The value X as a value for the phase shift can be selected by applying a digital control word/signal to the PLL block. This digital control word can come from the device internal control logic or from outside the device. While the input clock signal is always toggling with a fixed known frequency Fclk, the input data signal Dn can be seen as a “random” pattern of high and low pulses which represent logical ones and zeros. If the input data signal Dn always toggles from high to low and back, then the maximum toggle rate/frequency Fdata is half that of the input clock frequency Fclk, or, in other words, the minimum input data period Tdata is twice the input clock period Tclk.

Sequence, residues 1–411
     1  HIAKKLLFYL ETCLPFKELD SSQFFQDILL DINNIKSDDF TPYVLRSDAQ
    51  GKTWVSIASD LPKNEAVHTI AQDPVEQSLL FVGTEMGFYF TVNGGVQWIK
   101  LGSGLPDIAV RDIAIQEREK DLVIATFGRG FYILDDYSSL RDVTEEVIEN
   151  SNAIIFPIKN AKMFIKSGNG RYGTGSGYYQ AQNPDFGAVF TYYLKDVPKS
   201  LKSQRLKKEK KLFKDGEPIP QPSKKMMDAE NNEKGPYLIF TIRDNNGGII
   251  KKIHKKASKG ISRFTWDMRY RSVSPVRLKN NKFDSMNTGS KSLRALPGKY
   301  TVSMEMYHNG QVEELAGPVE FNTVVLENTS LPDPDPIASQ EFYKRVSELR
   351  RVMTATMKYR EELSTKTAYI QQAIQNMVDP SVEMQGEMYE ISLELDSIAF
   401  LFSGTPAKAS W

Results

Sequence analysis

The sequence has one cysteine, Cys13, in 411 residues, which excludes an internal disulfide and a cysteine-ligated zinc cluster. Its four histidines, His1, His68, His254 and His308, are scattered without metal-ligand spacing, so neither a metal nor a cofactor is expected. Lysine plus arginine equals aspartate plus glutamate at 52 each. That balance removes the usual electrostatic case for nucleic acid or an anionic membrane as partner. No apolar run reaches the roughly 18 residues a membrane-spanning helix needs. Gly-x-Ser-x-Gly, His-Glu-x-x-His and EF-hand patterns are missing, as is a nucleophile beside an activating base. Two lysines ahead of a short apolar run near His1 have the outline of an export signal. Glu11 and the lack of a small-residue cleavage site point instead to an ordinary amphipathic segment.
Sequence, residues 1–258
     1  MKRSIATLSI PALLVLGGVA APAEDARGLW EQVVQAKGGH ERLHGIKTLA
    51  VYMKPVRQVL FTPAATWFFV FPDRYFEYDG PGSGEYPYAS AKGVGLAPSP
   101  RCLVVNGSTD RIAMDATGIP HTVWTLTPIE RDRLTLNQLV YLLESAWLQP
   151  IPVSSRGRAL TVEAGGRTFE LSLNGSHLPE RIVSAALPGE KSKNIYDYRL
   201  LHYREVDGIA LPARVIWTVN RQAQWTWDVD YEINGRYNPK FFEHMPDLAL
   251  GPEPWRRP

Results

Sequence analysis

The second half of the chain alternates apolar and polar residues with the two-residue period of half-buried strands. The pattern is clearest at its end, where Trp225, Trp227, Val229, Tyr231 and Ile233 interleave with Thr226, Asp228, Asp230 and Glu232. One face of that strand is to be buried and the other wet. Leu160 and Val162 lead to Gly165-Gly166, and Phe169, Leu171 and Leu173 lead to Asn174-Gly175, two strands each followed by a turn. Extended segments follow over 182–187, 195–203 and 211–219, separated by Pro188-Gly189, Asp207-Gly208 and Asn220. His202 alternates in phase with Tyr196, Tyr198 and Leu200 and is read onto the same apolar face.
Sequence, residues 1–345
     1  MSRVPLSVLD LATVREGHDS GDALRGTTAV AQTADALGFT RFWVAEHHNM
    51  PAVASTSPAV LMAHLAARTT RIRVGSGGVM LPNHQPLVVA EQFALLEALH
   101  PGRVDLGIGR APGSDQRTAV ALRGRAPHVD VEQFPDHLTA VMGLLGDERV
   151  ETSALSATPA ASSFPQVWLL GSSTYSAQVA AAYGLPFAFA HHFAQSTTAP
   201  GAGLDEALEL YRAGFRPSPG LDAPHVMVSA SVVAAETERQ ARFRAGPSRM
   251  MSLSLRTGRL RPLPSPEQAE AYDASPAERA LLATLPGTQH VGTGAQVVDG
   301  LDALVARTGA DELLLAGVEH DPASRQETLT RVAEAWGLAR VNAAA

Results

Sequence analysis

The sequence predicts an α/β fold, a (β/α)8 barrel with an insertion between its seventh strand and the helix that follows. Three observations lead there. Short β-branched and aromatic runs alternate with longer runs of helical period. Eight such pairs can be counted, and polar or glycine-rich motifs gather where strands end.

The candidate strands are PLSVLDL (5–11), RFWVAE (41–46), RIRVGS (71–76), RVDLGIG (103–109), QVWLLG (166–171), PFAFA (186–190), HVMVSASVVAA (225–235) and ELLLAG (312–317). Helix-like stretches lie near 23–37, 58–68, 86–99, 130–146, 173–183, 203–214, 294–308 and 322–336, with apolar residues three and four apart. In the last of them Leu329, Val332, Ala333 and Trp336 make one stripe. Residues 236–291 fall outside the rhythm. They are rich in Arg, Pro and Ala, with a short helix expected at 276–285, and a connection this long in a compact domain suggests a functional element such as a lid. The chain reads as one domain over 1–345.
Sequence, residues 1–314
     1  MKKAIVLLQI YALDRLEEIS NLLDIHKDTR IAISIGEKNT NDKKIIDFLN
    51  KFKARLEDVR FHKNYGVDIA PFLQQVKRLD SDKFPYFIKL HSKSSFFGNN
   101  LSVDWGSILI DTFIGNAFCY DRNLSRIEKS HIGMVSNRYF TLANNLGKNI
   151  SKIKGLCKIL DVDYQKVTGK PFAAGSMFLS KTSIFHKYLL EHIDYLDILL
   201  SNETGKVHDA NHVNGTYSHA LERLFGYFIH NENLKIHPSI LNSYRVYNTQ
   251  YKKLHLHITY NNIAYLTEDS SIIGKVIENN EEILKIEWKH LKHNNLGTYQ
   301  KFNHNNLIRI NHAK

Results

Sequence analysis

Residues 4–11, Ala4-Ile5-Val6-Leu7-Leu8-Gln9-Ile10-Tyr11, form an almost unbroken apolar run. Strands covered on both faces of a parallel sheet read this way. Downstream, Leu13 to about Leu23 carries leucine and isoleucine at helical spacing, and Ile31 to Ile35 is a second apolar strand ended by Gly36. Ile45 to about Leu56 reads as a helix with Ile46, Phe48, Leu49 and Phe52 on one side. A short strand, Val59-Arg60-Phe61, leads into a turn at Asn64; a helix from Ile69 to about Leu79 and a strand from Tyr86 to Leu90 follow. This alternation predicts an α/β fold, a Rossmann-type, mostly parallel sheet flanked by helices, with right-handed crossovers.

In general, the primary purpose of a registered buffer with PLL clock driver is to buffer the incoming data first and to then provide the data out signal with a “refreshed” waveform. Without this registered buffer, the waveforms of the data signals would degrade too much because of the heavier line loads. The PLL clock driver has the function to “refresh” the associated clock signal, too. The clock signal is cleaned up with respect to its clock jitter.

The new topology of a registered buffer device with a PLL clock driver has the following described functions/benefits: